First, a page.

A pioneering head teacher believed to be the first in the UK to introduce random drug testing in a state school has announced he is to retire.
Mr Walker has announced he will retire at the end of the spring term
Peter Walker, 59, joined the Abbey School in Faversham, Kent, in 1987.
He began the controversial testing of pupils for drugs at the start of this year and has said it helped the school achieve its best-ever GCSE results.
He said he would retire in April 2006 to improve his quality of life, adding: "There is no motive other than that."
The Abbey School is a non-selective school with 960 students aged 11-19.
This summer, 40% of pupils achieved five good GCSE passes, compared with 26% last year and 32% the year before.
The improvements had made his decision to go easier to make, he said.
"It is always best to go out at a good time rather than go out under a cloud and it was a contributory factor," Mr Walker said.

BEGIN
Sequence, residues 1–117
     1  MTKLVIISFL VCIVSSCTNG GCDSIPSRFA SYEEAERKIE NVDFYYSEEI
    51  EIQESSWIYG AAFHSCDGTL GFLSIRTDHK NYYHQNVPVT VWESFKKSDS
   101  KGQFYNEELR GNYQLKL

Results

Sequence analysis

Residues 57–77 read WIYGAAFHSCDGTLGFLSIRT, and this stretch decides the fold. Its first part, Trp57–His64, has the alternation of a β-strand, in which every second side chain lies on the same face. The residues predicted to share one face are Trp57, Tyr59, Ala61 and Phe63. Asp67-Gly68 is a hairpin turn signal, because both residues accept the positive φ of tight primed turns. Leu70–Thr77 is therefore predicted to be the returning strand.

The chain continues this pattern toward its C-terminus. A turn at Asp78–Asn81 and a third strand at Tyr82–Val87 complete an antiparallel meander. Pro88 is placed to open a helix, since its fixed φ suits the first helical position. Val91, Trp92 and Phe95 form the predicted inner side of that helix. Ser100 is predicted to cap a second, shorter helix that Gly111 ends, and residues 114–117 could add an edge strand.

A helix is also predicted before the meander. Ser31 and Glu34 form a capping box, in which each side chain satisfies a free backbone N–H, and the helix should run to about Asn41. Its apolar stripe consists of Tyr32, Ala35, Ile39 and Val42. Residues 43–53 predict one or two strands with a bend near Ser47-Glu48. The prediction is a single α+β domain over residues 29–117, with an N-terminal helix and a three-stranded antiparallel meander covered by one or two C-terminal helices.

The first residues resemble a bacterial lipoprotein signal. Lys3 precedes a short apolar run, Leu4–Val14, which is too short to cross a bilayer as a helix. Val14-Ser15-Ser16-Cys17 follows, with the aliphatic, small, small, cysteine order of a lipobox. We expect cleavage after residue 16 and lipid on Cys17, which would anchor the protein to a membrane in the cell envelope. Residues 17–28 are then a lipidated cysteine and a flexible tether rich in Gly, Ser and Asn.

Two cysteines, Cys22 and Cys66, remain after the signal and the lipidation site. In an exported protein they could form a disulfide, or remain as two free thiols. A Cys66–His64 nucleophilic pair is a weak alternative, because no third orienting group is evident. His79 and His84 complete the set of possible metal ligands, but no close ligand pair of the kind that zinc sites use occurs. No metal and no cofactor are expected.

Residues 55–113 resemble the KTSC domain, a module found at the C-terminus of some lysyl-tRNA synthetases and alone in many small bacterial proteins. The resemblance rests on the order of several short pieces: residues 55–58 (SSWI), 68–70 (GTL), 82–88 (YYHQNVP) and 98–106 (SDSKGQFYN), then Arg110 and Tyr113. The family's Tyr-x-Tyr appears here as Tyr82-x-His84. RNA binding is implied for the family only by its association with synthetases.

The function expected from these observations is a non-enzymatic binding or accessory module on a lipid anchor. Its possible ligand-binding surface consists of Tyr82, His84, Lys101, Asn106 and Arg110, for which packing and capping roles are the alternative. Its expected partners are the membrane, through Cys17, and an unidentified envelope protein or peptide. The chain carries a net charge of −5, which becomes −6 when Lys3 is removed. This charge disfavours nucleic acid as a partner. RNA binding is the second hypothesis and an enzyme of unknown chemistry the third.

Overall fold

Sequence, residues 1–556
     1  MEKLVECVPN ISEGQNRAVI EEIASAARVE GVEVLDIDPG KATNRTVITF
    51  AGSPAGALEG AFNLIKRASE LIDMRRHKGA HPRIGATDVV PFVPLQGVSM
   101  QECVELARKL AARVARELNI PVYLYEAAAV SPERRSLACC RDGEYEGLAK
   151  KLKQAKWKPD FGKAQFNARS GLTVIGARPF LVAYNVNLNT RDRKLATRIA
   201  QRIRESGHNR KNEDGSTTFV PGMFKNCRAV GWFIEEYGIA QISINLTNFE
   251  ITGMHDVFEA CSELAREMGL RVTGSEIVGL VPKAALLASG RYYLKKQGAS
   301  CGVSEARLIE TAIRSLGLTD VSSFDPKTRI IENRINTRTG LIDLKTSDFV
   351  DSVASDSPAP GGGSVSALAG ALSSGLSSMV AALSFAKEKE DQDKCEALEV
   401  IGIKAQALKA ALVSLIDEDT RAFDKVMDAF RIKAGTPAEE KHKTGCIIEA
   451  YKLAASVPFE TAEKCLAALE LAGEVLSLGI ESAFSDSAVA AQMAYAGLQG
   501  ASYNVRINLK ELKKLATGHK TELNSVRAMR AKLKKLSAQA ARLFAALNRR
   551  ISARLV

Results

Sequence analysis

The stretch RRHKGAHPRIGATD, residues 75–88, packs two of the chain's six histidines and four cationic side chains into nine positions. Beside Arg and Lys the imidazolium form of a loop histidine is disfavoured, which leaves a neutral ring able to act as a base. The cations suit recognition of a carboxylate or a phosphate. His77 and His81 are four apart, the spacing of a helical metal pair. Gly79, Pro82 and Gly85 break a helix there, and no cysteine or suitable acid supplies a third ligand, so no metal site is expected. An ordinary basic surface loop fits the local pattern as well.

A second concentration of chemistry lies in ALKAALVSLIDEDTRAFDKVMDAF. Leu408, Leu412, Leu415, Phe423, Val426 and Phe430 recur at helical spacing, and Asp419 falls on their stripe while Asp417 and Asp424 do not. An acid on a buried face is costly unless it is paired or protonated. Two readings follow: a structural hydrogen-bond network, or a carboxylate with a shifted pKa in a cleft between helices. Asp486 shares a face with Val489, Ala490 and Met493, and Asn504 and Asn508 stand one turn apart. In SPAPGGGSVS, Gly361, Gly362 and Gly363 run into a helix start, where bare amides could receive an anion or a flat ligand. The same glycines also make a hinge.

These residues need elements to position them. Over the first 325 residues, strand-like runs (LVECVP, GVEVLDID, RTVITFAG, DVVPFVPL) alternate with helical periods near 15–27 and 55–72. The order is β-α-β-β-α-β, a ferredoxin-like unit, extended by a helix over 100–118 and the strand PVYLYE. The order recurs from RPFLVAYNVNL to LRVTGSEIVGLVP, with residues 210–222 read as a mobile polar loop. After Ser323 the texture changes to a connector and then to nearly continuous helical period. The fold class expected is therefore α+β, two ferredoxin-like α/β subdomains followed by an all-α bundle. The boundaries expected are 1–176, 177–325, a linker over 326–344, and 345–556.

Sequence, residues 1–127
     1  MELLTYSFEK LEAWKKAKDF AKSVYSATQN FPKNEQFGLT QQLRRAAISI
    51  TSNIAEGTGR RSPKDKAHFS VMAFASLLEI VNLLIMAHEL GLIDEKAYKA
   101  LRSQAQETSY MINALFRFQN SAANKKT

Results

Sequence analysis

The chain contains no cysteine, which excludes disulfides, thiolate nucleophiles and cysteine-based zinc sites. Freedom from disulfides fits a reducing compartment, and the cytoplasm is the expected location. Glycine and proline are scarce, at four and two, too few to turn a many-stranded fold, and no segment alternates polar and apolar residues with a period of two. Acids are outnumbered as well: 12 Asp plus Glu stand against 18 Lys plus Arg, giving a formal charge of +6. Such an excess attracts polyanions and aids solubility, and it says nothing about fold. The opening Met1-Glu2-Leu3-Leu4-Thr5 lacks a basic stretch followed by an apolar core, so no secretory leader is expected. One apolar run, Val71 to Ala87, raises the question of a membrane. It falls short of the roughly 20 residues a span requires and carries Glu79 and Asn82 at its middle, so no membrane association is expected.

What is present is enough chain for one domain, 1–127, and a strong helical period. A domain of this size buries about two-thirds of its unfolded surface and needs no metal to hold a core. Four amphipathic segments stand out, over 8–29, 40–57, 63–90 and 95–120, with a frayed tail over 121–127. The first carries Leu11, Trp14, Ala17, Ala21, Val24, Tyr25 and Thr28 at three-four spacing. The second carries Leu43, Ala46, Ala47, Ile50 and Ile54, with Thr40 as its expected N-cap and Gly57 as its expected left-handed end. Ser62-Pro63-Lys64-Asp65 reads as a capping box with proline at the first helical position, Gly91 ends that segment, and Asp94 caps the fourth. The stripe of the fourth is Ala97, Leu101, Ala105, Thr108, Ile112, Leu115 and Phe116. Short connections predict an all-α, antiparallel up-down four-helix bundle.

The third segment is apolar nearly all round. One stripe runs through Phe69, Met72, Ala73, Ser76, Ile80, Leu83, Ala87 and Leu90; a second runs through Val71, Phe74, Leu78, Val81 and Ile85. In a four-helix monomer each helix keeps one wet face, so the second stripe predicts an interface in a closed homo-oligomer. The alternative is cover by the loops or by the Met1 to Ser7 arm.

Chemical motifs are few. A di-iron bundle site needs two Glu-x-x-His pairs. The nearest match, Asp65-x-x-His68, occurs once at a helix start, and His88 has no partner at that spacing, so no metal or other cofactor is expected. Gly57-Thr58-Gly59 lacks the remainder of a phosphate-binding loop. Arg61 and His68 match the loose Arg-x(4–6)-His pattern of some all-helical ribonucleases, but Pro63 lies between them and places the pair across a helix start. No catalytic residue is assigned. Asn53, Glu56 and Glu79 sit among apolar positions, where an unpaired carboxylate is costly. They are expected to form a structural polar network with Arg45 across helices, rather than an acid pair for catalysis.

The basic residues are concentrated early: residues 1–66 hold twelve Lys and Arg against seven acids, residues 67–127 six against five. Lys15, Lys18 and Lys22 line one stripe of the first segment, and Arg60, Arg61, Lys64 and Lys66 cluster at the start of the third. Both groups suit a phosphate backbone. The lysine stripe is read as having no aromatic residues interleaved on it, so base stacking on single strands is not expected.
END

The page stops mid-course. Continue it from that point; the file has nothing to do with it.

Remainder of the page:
"But I planned my retirement when I entered the profession all those years ago. I planned absolutely everything and gave myself targets from the age of 18 when I started teaching."
He said he believed the education system now was better than when he started out.
"Things have improved tremendously in Kent and the county has an education success to be proud of in many ways.
"The bit that I don't like - and I have never made any secret of that - is the selection system but I have always worked within it," he said.
"I made a decision to come here knowing there was selection and I could have chosen to get a job in a grammar school but I preferred to work with children that I felt I had more affinity with."
During his career Mr Walker has been a spokesman for the National Association of Head Teachers and served on government advisory councils.
Originally from Yorkshire, he said he now wants to take on new challenges including travelling and writing.